The SEEC’s press release went on to point out that this “worst transportation bill ever” is the first in recent history to be developed without bipartisan support, and could face delays due to “apparent lack of Republican support.”
Now, however, the SEEC is complaining because the Republicans found a way to support it: through a series of amendments that the SEEC calls “anti-environmental.”
According to The Hill’s Transportation Report, the SEEC sent a letter to transportation bill negotiators in late May, calling for the exclusion of three House environmental provisions from a final version of the bill. Transportation Issues Daily summarized the three provisions:
- a mandate forcing the approval of the controversial Keystone XL oil pipeline
- a revision in requirements for transportation projects to comply with National Environmental Protection Act
- blocking EPA authority over coal waste (aka “coal ash” provision)
Now it’s up to the conference committee that is considering the bill to make a final decision. The Hill suggests that it may not meet its deadline for reaching a compromise.
Photo by Martin Loader. Some rights reserved.
Oil sands, now synonymous with the infamously stalled Keystone Pipeline, have an inexorable future in Canada, regardless of Keystone’s fate. And our neighbors to the north aren’t denying it: a recent newsletter from law firm Gowlings reports on steps the Governments of Canada and Alberta are jointly taking to enhance monitoring systems that would track “cumulative effects and environmental change” in the oil sands area.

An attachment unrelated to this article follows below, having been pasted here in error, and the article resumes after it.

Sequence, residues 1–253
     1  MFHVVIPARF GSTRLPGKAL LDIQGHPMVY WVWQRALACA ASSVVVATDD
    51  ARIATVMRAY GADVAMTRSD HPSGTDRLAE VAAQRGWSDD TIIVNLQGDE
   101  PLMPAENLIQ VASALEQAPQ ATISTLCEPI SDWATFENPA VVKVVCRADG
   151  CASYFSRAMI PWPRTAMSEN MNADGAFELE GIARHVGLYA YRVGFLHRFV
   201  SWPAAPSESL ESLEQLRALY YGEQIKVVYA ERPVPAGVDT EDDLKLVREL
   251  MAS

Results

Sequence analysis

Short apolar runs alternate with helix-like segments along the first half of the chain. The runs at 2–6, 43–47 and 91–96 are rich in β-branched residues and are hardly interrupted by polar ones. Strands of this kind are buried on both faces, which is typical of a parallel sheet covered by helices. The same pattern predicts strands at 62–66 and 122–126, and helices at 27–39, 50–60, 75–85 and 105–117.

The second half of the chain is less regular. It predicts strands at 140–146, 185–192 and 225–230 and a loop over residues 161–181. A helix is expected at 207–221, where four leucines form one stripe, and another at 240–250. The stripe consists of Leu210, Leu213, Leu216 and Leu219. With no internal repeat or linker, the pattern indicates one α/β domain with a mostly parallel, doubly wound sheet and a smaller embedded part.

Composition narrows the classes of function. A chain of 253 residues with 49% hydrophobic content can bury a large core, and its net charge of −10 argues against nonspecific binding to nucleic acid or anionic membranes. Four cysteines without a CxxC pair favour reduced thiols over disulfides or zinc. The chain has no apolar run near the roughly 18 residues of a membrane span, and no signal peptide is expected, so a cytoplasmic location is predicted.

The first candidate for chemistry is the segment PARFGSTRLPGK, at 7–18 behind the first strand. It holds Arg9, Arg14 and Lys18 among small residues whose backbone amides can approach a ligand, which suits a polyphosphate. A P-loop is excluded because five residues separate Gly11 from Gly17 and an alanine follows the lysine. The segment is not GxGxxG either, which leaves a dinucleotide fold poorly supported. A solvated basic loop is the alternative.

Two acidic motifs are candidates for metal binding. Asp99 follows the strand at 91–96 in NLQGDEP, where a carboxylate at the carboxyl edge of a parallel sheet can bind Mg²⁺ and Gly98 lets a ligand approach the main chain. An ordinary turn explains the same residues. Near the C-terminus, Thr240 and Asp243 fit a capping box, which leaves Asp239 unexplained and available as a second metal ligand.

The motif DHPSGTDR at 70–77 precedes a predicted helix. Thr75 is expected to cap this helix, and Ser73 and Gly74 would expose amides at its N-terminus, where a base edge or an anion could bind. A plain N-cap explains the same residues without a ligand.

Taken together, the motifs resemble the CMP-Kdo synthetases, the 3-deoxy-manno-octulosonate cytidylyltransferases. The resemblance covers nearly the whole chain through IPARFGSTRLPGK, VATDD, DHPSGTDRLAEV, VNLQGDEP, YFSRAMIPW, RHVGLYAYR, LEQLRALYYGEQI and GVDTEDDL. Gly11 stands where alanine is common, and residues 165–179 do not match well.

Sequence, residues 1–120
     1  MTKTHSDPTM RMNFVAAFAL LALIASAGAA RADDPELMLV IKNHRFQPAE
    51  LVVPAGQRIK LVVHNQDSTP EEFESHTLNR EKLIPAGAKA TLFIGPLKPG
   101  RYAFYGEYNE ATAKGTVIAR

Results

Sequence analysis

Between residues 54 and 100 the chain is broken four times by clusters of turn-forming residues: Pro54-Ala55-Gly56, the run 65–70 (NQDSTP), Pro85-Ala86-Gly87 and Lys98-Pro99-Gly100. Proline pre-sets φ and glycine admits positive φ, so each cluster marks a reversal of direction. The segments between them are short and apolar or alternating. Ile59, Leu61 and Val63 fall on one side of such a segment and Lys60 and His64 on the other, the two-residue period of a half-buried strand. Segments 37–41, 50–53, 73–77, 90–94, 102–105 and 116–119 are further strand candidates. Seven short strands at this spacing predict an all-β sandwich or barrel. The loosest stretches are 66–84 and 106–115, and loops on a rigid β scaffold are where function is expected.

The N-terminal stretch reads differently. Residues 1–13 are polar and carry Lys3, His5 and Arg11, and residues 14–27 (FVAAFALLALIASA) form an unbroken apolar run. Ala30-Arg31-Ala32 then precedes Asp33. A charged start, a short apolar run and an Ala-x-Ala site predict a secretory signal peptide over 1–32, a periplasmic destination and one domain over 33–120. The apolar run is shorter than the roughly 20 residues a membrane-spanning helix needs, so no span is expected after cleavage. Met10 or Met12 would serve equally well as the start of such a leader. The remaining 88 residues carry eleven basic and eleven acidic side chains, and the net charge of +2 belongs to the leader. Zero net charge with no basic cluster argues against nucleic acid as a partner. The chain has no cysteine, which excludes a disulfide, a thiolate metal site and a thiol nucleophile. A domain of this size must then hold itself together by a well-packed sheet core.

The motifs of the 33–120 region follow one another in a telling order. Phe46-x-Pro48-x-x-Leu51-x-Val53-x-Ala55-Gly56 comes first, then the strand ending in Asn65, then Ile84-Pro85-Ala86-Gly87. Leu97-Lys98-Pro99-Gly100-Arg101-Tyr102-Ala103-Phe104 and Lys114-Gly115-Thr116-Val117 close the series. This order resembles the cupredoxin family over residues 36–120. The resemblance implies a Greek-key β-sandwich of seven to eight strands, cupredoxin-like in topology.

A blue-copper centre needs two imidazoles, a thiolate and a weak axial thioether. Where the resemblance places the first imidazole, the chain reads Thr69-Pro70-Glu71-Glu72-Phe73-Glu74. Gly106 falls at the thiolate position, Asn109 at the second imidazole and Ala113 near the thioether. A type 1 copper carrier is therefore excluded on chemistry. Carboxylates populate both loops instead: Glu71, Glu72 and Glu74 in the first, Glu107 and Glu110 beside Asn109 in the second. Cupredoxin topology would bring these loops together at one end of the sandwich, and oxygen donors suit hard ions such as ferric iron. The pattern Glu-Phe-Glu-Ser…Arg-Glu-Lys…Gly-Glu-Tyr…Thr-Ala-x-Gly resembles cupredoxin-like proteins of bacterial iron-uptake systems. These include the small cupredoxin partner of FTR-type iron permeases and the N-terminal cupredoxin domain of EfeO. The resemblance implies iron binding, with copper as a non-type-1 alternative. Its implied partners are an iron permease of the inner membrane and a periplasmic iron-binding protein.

The Government of Alberta’s web page on oil sands monitoring is cautiously optimistic about development in the region – “Albertans have high expectations that we excel at both energy production and environmental protection – we can have it both ways.”
It appears that the Joint Canada-Alberta Implementation Plan for Oil Sands Monitoring is just one part of an attempt to provide, well, disinfectant through sunlight. By offering coordinated and comprehensive information to the public about oil sands development, the two governments hope to “enhance our ability to detect environmental change and manage cumulative effects.”
Some of the planned improvements to existing (and currently disparate) monitoring programs are as follows:
- the number of sampling sites will be higher and over a larger area;
- the number and types of parameters being sampled will increase;
- the frequency (how many times) that sampling occurs each year will be significantly increased; and
- the methodologies for monitoring for both air and water will be improved
The plan not only describes the increased monitoring efforts to be phased in over the next three years, but also the development of an integrated data management system to host all the data – the Oil Sands Data Management Network. The new “OS_DMN” will presumably replace or supplement the existing Government of Alberta Oil Sands Information Portal, a “one-window source for information on the environmental impacts of oil sands development.”
While response to the plan is reportedly positive, The Calgary Herald points out a few glaring omissions:
[one] thing that stands out is the upfront acknowledgment that “this plan does not deal with implementation issues like funding and responsibilities of existing organizations or institutions.”
The plan speculates that “the total cost of enhanced monitoring beyond what the two governments currently spend would be up to $50 million per year.”